MEXICO CITY – Mexico's latest drug battle does not unfold in the border badlands or remote mountains where opium poppies grow, but on the small screen, where a TV show strives to save the image of long-notorious "federales" by presenting them as crime-fighting heroes.
The TV series "El Equipo," or "The Team," is modeled after the popular "CSI" series in the U.S. and it was created to convince Mexicans, and now U.S. viewers, that the country has finally gotten its act together with a professional, trustworthy federal police force.
After a run on Mexico's Televisa network, with a middling 14.6 percent of the households as viewers, the show premieres on the U.S. Spanish-language network Univision on Thursday.
The series stars four street-smart investigative agents who are likable, honest and attractive. They rescue hostages and rappel from tall buildings. In every episode they get their man.
"We need to start changing the perception. There is nothing wrong with being a cop," said executive producer Pedro Torres. "Being a cop is a job that demands sacrifice and a lot of preparation."
While Torres says the show is his idea, the federal police have given the series so much cooperation, with access to its command center, equipment and a U.S.-donated Black Hawk helicopter, that critics are calling it government propaganda.
Police cooperation with TV shows isn't unusual in the United States, where scores of crime dramas have aired for years. But it irritates some in Mexico, where police shows are far less common.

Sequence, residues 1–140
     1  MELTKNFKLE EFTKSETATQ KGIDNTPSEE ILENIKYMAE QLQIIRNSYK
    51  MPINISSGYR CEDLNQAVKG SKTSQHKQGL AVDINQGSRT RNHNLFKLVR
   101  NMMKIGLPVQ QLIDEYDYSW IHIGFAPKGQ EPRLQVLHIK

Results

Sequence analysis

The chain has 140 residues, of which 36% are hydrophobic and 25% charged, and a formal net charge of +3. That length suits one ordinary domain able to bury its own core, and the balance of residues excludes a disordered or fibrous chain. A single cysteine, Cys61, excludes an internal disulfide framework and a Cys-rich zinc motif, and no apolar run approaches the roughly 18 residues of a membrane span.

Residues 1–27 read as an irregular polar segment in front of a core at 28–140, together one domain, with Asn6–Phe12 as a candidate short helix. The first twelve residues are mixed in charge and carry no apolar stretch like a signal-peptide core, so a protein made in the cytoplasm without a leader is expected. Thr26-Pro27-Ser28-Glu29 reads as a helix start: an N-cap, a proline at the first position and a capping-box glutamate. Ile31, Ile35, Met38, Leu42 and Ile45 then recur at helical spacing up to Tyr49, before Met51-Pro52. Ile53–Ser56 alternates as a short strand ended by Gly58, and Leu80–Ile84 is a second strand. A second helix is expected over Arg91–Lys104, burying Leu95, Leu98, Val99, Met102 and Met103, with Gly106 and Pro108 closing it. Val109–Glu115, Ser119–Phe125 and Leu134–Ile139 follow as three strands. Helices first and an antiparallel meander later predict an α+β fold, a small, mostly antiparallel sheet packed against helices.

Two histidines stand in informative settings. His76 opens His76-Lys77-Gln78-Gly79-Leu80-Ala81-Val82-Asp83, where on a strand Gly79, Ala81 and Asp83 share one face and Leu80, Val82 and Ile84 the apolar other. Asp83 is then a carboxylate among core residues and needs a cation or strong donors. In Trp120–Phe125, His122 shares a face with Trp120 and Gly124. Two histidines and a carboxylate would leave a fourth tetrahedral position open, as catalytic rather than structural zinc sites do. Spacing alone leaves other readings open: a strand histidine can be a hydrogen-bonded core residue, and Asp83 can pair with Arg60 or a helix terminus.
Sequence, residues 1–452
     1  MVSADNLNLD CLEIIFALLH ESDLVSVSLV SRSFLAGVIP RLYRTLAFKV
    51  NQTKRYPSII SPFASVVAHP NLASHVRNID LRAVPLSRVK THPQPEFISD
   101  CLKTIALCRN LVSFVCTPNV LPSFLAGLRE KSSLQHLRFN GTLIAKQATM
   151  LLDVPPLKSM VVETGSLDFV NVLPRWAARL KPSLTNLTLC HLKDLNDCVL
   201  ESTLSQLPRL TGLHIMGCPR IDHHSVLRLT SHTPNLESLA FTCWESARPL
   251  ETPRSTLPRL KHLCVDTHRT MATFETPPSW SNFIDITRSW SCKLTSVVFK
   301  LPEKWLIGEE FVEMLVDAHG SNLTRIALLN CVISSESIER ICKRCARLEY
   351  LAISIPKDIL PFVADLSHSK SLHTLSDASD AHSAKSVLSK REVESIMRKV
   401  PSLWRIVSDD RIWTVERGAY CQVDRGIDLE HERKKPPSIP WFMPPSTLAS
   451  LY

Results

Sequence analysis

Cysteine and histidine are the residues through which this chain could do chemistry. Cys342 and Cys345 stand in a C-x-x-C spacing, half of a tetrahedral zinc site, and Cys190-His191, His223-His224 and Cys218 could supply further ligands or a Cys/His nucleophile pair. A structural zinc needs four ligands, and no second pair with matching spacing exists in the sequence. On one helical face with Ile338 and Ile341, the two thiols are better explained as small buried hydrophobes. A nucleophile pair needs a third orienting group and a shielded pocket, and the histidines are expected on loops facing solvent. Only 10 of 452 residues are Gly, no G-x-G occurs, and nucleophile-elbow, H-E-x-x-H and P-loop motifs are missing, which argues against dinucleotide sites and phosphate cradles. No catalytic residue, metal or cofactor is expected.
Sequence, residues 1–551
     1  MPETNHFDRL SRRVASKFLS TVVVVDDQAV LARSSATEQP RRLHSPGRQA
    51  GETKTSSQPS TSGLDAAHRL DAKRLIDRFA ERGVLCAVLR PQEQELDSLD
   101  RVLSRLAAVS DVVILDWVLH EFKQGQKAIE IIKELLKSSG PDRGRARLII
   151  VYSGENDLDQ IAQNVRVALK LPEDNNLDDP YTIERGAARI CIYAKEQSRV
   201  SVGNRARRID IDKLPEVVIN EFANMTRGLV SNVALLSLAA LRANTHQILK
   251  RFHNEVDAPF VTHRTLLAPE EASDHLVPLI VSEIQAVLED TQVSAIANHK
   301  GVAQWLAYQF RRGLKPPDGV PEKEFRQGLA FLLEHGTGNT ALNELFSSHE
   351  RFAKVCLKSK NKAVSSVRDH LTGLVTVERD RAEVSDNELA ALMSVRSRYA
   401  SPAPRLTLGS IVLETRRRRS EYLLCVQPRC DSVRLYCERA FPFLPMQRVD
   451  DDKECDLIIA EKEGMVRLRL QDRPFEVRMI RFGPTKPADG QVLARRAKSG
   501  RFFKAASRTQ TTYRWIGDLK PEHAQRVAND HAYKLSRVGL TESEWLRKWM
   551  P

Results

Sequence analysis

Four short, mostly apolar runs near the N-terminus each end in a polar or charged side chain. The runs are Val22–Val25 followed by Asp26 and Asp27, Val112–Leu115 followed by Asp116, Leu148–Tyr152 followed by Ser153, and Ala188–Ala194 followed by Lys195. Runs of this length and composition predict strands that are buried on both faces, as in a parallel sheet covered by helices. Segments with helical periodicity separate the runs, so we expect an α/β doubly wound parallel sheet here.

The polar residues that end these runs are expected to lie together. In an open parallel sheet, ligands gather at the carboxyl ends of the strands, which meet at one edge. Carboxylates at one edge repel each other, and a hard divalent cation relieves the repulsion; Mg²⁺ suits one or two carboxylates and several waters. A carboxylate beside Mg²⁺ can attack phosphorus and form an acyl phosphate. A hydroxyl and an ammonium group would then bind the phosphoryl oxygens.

One congresswoman filed a formal complaint with the anti-corruption ministry, demanding an accounting of public funds used to produce "The Team."
"It is immoral to try to change the perception of security through a TV show," said federal Rep. Leticia Quezada of the leftist Democratic Revolution Party. "It is bread and circuses."
President Felipe Calderon of the conservative National Action Party has increased the number of federal police agents from 6,000 to more than 35,000 since he took office in 2006 while beefing up background checks and qualifications.
Still, Mexico's cops have had trouble shaking their bad reputation. Despite decades of repeated reforms, federal police officials keep finding their officers, and sometimes even themselves, accused of brutality or corruption.
The National Human Rights Commission said the federal police department was among the most-complained-about agencies last year.
Two federal police agents with top positions in Mexico's Interpol offices were arrested in 2009 and charged with taking payoffs from drug cartels. Even the acting federal police commissioner resigned in 2008 and was later arrested on charges of aiding a drug gang.
Mexico has gone through a string of federal police agencies since the 1970s, promoting each in turn as a cleaned-up alternative to the disgraced agency it replaced.
Torres said he wanted to produce an American-style TV crime series, inspired by the new model under Calderon.